How does it work?
Peer review is one of the gold standards of science. It’s a process where scientists (“peers”) evaluate the quality of other scientists' work. By doing this, they aim to ensure the work is rigorous, coherent, uses past research and adds to what we already knew.
Most scientific journals, conferences and grant applications have some sort of peer review system. In most cases it is “double blind” peer review. This means evaluators do not know the author(s), and the author(s) do not know the identity of the evaluators.
The intention behind this system is to ensure evaluation is not biased.
The more prestigious the journal, conference, or grant, the more demanding will be the review process, and the more likely the rejection. This prestige is why these papers tend to be more read and more cited.

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Dentists from the dark side?

Loretta Marron OAM BSc

While dining out with an elderly friend, I noticed that he kept his false tooth plate in his shirt pocket. He had recently had seven amalgam-filled teeth removed, because he believed that their toxins were making him sick; but his new plate was uncomfortable. He had been treated by an 'holistic dentist'. Claiming to offer a "safe and healthier alternative" to conventional dentistry, are they committed to our overall health and wellbeing or are they promoting unjustified fear, unnecessarily extracting teeth and wasting our money?

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Planning for Profit in 2015 – Your key to Business Success

Chris Foster

We are now entering a new financial year and it’s a great time to reflect on last year and highlight those things that went well and those that may have impacted negatively in the pursuit of your goals.
It's also a great to spend some time re-evaluating your personal and business short, medium and long term goals in the light of events over the last year.
The achievement of your goals will in many cases be dependent on setting and aspiring to specific financial targets. It's important that recognise that many of your personal goals will require you to generate sufficient business profits to fund those aspirations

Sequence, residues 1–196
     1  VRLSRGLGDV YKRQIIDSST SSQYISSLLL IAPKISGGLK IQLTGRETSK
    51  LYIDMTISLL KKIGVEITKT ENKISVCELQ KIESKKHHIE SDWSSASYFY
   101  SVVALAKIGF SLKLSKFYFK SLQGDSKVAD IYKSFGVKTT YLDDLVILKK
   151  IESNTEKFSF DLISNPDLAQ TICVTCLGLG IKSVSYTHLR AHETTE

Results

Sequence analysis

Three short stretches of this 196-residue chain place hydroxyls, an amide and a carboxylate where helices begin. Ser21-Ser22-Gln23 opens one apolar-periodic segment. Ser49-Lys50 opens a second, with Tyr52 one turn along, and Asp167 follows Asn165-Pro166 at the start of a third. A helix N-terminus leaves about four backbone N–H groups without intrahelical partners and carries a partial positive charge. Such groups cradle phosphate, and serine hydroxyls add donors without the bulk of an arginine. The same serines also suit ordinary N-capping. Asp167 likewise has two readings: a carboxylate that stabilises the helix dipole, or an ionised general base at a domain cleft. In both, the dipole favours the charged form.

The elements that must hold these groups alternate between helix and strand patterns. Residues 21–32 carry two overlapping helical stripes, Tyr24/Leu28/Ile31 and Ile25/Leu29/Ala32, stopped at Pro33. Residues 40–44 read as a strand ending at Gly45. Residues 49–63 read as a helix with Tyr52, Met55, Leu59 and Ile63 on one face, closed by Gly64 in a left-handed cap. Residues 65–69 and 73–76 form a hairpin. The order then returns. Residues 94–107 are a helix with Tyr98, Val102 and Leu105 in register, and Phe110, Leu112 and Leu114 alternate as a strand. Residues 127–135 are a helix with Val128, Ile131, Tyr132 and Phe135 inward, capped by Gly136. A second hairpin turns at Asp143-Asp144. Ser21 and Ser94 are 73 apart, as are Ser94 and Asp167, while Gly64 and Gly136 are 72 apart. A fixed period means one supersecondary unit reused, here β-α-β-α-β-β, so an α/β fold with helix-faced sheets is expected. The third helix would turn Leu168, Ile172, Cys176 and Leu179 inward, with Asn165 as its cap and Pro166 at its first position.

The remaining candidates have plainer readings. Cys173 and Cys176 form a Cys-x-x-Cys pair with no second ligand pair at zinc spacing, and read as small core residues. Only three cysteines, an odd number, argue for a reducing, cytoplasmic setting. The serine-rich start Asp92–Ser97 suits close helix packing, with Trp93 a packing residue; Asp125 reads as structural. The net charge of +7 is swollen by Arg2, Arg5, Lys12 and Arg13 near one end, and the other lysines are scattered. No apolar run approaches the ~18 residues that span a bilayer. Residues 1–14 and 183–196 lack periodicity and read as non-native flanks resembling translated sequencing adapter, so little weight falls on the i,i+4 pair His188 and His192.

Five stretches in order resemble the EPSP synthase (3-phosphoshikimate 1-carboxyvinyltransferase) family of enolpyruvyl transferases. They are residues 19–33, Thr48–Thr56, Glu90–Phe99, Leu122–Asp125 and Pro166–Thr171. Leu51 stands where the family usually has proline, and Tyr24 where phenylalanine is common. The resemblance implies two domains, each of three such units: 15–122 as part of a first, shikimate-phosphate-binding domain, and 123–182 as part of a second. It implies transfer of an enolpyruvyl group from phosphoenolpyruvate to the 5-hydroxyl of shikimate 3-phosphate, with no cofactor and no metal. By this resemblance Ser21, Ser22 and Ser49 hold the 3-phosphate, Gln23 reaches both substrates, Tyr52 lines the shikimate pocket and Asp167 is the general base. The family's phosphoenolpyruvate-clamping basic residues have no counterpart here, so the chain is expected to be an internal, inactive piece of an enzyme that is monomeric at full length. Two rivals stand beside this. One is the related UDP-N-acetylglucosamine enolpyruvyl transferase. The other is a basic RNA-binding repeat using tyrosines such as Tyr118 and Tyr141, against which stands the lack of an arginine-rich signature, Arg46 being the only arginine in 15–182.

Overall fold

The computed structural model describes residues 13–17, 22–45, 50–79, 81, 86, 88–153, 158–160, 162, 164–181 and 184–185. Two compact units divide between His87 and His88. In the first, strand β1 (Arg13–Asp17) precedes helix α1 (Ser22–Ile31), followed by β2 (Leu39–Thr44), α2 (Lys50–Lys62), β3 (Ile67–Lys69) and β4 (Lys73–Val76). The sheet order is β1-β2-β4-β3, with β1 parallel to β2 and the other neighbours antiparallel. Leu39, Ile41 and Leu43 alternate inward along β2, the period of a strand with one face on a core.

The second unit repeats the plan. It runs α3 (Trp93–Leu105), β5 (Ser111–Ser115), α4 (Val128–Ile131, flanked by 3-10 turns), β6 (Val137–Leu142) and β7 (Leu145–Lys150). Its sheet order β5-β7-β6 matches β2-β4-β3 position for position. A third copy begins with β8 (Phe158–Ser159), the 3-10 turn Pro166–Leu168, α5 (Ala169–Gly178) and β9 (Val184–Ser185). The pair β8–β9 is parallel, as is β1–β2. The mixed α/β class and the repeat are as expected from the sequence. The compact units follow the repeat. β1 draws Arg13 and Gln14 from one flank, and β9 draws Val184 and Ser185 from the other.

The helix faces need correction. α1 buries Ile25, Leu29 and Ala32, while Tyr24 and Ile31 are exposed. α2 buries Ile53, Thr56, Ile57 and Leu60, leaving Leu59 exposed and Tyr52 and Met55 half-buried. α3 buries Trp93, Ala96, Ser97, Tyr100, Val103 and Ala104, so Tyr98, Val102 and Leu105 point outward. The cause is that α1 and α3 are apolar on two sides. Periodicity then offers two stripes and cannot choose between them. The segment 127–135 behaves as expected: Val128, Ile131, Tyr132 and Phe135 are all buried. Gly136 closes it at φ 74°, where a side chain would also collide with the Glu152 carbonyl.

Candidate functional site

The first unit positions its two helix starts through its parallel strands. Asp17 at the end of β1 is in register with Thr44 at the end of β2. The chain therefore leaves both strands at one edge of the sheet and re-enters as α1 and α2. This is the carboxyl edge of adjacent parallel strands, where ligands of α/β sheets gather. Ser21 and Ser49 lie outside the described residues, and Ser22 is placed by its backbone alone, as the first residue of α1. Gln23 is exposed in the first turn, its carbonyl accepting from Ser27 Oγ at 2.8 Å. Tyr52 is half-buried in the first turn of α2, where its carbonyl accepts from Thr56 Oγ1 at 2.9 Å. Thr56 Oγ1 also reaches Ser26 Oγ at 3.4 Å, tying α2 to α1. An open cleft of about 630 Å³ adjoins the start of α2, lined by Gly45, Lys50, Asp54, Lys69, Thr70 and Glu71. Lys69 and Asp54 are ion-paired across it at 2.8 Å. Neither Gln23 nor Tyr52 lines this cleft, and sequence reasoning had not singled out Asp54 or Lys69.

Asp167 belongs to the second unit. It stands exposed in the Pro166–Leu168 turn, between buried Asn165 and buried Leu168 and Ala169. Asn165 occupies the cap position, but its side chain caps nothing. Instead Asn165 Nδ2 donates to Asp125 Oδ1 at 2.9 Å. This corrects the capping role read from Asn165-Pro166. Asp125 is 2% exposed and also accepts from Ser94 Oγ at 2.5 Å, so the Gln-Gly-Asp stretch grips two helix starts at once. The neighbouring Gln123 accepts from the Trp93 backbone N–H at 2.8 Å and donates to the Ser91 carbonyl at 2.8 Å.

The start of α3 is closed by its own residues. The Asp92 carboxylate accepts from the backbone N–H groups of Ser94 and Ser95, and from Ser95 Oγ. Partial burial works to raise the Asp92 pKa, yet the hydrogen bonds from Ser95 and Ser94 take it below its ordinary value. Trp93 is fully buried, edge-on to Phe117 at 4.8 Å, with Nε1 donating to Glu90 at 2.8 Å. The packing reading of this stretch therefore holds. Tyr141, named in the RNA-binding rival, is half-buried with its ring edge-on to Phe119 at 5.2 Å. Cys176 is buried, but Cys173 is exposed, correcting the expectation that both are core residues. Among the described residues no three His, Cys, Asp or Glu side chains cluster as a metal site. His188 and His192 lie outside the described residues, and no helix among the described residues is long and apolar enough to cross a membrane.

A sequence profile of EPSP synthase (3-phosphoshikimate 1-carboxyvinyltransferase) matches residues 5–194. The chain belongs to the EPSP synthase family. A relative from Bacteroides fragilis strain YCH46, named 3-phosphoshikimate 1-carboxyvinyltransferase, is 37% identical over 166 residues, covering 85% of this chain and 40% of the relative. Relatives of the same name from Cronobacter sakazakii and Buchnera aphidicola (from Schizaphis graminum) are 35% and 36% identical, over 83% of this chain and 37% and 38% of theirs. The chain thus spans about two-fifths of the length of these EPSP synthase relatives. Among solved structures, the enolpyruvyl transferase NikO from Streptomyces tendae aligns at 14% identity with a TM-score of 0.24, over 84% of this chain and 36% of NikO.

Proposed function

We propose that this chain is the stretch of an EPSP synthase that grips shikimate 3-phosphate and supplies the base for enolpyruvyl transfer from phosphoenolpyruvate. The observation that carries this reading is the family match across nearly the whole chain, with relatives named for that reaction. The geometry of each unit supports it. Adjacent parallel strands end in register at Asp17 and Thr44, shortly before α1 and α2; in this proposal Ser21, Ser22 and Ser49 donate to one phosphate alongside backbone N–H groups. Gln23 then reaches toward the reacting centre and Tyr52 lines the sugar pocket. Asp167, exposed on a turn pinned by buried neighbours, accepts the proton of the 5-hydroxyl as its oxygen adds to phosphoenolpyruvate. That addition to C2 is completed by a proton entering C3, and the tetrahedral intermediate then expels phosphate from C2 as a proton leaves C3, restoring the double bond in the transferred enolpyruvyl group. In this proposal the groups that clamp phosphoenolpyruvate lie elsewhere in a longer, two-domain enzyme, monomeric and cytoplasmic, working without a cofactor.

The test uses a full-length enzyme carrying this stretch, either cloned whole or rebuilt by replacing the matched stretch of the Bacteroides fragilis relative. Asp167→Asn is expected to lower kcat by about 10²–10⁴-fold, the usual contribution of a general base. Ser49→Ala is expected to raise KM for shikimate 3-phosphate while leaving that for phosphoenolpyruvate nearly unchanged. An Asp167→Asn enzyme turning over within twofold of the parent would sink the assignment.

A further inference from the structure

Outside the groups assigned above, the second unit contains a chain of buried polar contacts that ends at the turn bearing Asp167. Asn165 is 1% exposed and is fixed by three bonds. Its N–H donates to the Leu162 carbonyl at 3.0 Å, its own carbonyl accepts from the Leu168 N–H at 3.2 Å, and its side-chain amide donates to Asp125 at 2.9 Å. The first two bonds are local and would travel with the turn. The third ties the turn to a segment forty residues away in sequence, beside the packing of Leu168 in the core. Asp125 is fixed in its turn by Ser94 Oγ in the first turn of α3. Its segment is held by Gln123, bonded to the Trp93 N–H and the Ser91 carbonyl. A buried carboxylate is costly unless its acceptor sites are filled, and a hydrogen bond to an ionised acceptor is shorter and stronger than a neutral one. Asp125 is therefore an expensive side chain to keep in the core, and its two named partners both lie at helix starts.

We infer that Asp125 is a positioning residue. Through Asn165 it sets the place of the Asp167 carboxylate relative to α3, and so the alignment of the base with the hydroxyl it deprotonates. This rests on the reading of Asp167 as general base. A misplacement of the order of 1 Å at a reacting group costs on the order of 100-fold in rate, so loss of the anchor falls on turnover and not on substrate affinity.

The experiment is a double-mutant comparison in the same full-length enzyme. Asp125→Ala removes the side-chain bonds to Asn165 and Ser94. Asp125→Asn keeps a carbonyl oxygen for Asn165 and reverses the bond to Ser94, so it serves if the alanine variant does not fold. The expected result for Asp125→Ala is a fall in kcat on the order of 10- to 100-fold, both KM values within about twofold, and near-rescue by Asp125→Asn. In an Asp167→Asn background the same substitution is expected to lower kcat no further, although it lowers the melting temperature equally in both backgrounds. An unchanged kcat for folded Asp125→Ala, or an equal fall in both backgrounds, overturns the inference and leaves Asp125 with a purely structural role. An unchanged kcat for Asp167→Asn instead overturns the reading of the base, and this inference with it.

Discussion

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ReWalk™ Personal Exoskeleton System Cleared by FDA for Home Use

Staff Writer

Exoskeleton leader ReWalk Robotics announced today that the U.S. Food and Drug Administration has cleared the company’s ReWalk Personal System for use at home and in the community.
ReWalk is a wearable robotic exoskeleton that provides powered hip and knee motion to enable individuals with Spinal Cord Injury (SCI) to stand upright and walk.
ReWalk, the only exoskeleton with FDA clearance via clinical studies and extensive performance testing for personal use, is now available throughout the United States.

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Attracting and Retaining Great People

Barry Urquhart

Welcome to the new financial year in Australia.
For many in business the past year has been described as a challenging period.
Adjectives are a key feature of the English language.  In the business lexicon their use can be, and often is evocative and stimulate creative images.  But they can also contribute to inexact, emotional perceptions.
Throughout the financial pages of newspapers and business magazines adjectives abound.
References to “hot” money draw attention and comment.  The recent wave of funds from Chinese investors, keen to remove their wealth from the jurisdiction and control of government regulations is creating a potential property bubble in Australia.

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Updating Your Values - Extending Your Culture

Neil Johnston

Pharmacy culture is dormant.
Being comprised of values, unless each value is continually addressed, updated or deleted, entire organisations can stagnate (or entire professions such as the pharmacy profession).
Good values offer a strong sense of security, knowing that if you operate within the boundaries of your values, you will succeed in your endeavours.

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Evidence-based medicine is broken. Why we need data and technology to fix it

Staff Writer

The following article is reprinted from The Conversation and forms up part of our library collection on evidence-based medicines.